Robert Steele (1846–1899)

Profiled in the Rev. E. R. Carter’s The Black Side.

Born into slavery in Milledgeville, Georgia in 1846, Robert Steele was the son of J. and Carrie (_____) Steele. He used different first names during his life, including John and August, but he seems to have settled on James Robert Steele by 1885. He frequently was called Bob.

Bob Steele. The Black Side.

At a young age, Robert “[w]as apprenticed to the barber’s trade, and, marked for his wonderful aptness, he soon rose to the position of barber, having a chair of his own.” He came to Atlanta about 1864, and in April 1872 he married Emma Brown. When “his health began to fail,” he left barbering and “accepted a position as porter in the National Hotel.” After recovering, he returned to his profession and worked for Henry Brown and Louis Schelpert before opening his own barbershop on Marietta Street in 1881. That shop was “inviting within, and, at a glance, one [saw] that it [was] operated by master hands in this vocation.”

Advertisement for Bob Steele’s “first class, orderly and quiet” barber shop. The Constitution, Oct. 15, 1882.

The 1880 U.S. federal census found Robert and his young family living on Grubb Street (now Poplar Street). He was on Wheat Street (now Auburn Avenue) by 1881 and at his final family home on North Butler Street (now Jesse Hill Jr Drive) in 1884.

Called “the Prince of Barbers” by the Rev. Carter, Robert was among the “Southern black barbers [who] capitalized on the growth of New South cities, such as Durham and Atlanta, which brought moneyed men to town.” He was a contemporary of Alonzo Herndon and counted “among the wealthiest black barbers operating in Atlanta” in the 1880s and 1890s.

Robert’s home at 175 North Butler Street across the street from Big Bethel A.M.E. Church in an 1899 Sanborn Fire Insurance Map (now here).

When Robert’s mother, Carrie Steele, determined to start “an orphans’ home for colored children,” she “received great encouragement and many liberal promises to help.” She planned to teach the orphaned children “to cook, to sew, and to do other useful things.” When the home was established in June 1888, Robert—along with Sidney Root and Bishop Wesley John Gaines—served as an incorporator. The Carrie Steele-Pitts Home still exists today. Robert was also “an honored member of the Masonic Lodge, and also of the Afro-American Historical Society.”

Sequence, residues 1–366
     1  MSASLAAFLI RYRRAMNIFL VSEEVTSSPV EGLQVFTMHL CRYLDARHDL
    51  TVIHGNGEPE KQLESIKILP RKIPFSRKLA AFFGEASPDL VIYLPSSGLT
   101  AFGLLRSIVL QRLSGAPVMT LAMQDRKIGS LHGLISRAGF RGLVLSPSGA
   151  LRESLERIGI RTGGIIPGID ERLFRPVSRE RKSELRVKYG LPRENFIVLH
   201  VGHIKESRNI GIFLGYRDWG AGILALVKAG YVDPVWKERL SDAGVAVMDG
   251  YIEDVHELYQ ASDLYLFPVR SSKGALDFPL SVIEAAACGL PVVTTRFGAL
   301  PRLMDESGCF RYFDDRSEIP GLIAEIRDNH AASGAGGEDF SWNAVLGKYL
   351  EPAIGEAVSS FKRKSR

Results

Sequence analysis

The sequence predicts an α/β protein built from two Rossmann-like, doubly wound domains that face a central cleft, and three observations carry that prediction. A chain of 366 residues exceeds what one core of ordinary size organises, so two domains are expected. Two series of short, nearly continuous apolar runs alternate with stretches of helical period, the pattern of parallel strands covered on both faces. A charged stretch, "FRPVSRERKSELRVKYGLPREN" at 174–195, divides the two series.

Robert was “a great admirer and friend” of Henry Grady, and he accompanied him on “many . . . long trips.” During a trip to Boston with Grady in the summer of 1899, Robert contracted consumption and died about four weeks later in August at his home at 175 North Butler Street. He was buried in an unmarked grave in Oakland Cemetery. His wife apparently survived him by several decades and worked at the Carrie Steele Home after her mother-in-law’s death. Although she disappears from the record after 1900, Oakland Cemetery records her death as July 1923.

“Bob Steel’s Barber Shop” at the Cannon House on Marietta Street (now coincidently the location of the Atlanta Barber Company). Atlanta Illustrated, 132.

Members of Big Bethel A.M.E. Church, Robert and Emma (Brown) Steele were the parents of five sons: Frank Steele (ca. 1873–1931), a barber in Atlanta and Chicago; James Robert Steele, Jr. (ca. 1874–1914), a railroad porter in Chicago and New York; Ludwig Steele (b. ca. 1879); Max Kutz Steele (ca. 1881–1955), a 10th Cavalry Regiment veteran of the Spanish-American War and federal government employee in Washington, DC; and Percy Steele (ca. 1885 –1953), a resident of Pittsburgh.

Select Bibliography

Atlanta Constitution. “A Colored Orphans’ Home.” March 20, 1887.

———. “The County Court House.” June 9, 1888.

———. “Bob Steele Is Dead.” August 31, 1899.

Carter, E. R. The Black Side. Atlanta, GA: 1894.

Clarke, E. Y. Atlanta Illustrated. Atlanta, GA: James P. Harrison & Co., 1881.

Mills, Quincy T. Cutting Along the Color Line: Black Barbers and Barber Shops in America. Philadelphia, PA: Univ. of Pennsylvania Press, 2013.

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